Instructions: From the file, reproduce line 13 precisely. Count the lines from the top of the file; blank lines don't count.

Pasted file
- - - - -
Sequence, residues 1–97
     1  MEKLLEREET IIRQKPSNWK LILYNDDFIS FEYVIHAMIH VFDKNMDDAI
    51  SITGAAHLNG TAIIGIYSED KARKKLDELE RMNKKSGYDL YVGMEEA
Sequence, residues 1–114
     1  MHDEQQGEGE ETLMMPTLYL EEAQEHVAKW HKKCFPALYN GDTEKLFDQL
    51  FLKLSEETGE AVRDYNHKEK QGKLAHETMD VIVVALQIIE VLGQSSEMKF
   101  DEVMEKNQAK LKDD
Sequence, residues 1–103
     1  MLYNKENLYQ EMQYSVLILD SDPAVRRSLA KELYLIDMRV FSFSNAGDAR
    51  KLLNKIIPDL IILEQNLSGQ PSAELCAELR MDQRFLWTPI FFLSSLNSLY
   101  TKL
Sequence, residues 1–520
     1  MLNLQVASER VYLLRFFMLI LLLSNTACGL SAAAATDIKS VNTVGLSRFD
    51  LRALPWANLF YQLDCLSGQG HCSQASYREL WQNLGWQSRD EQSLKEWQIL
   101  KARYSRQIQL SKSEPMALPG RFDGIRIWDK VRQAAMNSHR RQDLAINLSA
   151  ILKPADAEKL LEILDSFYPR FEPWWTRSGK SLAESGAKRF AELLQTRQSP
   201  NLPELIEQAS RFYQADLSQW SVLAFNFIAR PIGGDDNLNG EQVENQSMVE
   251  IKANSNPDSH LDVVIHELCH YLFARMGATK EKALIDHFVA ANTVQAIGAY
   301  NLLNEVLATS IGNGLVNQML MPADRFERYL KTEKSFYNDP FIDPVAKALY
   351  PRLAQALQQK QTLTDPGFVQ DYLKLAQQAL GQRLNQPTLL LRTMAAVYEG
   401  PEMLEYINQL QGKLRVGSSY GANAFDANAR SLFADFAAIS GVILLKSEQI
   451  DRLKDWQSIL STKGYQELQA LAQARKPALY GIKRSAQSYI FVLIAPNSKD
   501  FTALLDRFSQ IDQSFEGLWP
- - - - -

     1  MLNLQVASER VYLLRFFMLI LLLSNTACGL SAAAATDIKS VNTVGLSRFD